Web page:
Madison County commissioners held a community meeting Tuesday afternoon at the Broadway Annex in Virginia City to take public comment on regarding the need for additional office and storage space and handicap accessible facilities in the courthouse.
Similar meetings were held at different locations throughout the county beginning earlier this month to allow the board of commissioners to hear the taxpayer’s suggestions on how the issue should be addressed. For the board, being transparent about how and where tax dollars are spent is a high priority.
A few years back, voters rejected initial plans for a multi-million dollar law and justice center. The current proposal steps away from a full-scale law and justice center and focuses on needed remodels and upgrades to the existing courthouse. The proposal includes installing an elevator in the courthouse, adding an archive repository in the county library and building office and storage space across the street from the courthouse.
When commissioner Dan Happel joined Dave Schulz and Jim Hart in January, he wanted to make sure the board had full support from the taxpayers before moving forward with the project.
“I think most people realize that we’ve got issues up here with the old courthouse,” he said. “I just wanted to make sure that if we go forward with the courthouse annex or the ADA repairs and stuff like that that we’ve got the people behind that.”
The first meetings were held Aug. 9 in Alder and Sheridan. The following Wednesday the board went to Pony, Cardwell and Harrison, and last week they met in Twin Bridges and Ennis.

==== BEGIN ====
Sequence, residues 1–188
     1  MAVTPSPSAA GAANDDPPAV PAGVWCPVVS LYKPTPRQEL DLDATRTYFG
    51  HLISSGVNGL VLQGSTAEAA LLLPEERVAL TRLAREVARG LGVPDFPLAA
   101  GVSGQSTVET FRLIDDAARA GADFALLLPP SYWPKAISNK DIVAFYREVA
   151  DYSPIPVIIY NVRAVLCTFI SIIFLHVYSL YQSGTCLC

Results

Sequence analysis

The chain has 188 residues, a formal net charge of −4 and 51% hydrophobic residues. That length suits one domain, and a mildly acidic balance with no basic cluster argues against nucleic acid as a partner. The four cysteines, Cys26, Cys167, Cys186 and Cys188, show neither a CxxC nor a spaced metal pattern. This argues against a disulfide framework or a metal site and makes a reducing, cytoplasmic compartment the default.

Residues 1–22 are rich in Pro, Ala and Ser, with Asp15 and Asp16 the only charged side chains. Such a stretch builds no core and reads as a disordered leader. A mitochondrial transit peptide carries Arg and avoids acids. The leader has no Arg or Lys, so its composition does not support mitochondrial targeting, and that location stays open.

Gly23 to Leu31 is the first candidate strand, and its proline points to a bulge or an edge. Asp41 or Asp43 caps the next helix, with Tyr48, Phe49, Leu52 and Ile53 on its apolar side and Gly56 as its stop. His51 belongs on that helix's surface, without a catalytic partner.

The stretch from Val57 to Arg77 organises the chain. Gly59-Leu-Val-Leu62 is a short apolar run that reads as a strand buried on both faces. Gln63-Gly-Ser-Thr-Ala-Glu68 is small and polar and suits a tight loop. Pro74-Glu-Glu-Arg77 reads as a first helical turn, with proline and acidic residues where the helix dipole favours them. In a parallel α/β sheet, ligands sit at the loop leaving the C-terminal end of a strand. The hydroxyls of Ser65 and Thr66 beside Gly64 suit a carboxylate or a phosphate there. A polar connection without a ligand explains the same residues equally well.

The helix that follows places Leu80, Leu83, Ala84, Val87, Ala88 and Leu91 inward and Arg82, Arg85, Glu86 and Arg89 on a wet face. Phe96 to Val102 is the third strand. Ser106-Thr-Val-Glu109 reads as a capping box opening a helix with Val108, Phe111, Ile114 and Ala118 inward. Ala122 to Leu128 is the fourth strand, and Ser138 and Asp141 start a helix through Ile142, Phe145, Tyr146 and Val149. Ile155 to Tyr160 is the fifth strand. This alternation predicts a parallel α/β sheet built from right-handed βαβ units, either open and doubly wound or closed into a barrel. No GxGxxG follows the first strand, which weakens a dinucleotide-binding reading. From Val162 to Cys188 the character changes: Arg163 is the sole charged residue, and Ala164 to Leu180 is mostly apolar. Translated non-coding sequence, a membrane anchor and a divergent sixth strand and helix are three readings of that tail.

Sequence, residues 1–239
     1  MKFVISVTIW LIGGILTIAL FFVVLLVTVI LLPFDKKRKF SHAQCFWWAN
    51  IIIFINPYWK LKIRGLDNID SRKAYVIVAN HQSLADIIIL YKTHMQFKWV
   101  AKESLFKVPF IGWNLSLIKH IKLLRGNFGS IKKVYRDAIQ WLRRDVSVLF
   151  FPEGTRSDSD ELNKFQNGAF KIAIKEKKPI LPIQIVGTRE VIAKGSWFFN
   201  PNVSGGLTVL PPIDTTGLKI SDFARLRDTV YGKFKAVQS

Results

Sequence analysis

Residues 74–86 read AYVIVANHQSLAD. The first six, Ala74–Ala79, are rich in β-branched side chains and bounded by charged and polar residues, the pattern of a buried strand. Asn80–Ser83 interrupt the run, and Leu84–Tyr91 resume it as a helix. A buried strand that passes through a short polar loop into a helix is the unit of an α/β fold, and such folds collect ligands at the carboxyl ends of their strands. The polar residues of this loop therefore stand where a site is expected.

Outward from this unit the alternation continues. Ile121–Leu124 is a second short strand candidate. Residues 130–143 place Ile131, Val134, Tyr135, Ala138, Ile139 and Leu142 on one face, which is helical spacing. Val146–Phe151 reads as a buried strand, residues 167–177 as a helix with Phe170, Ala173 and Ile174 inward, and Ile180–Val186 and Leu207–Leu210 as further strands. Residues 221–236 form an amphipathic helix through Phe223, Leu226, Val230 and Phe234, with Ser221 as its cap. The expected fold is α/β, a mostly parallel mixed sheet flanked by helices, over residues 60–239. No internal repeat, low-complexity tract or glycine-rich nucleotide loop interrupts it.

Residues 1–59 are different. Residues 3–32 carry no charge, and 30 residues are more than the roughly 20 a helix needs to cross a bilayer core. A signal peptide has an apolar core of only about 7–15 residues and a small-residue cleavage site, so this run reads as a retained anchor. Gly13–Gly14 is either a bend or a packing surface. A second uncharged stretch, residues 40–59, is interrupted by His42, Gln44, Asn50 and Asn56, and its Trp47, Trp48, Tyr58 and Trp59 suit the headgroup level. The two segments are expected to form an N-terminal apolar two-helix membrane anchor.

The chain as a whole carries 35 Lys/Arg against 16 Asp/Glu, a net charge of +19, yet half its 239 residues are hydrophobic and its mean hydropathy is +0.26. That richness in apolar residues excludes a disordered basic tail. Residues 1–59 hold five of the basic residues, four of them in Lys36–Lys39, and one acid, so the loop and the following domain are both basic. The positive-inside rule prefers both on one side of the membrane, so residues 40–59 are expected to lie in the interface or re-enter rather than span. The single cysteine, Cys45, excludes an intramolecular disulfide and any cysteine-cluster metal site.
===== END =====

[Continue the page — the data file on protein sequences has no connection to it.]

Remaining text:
Happel explained the board wants to get the most out of the taxpayer’s money.
“The commissioners are very careful and will be very thoughtful in the way we handle this project,” he said, adding that they want to make sure that “we don’t over step the needs of the county beyond what we see as real needs.”
Fellow commissioner Jim Hart said it’s a process of determining how to best serve the wants and needs of the voters.
“That’s why we’re going out and about to get some feedback,” Hart said. “We want to be as open as we can about two things: where we think might be a viable direction to head, and keep everybody involved so that they’re not all of a sudden going ‘Now what the heck are those commissioners up to?’”
The meetings have gone well and suggestions from the community have been very helpful, Happel said.
“For the most part everybody seems to be extremely supportive of making some exploratory moves and see just exactly what we can do to take care of the office and administrative issues,” Happel said. “We have these public meetings so that we can let people know that, and also so that if people are adamantly against this stuff, we want to know.”
While the community meetings have been helpful, the board will continue to approach the project one step at a time.
“We have some figuring to do yet, especially on the financial end of things,” Hart said.
The Madison County commissioners next scheduled community meeting on the topic is Sept. 6 at Huntley Lodge in Big Sky beginning at 10 a.m. Meetings are open to the public and the board encourages the community to attend.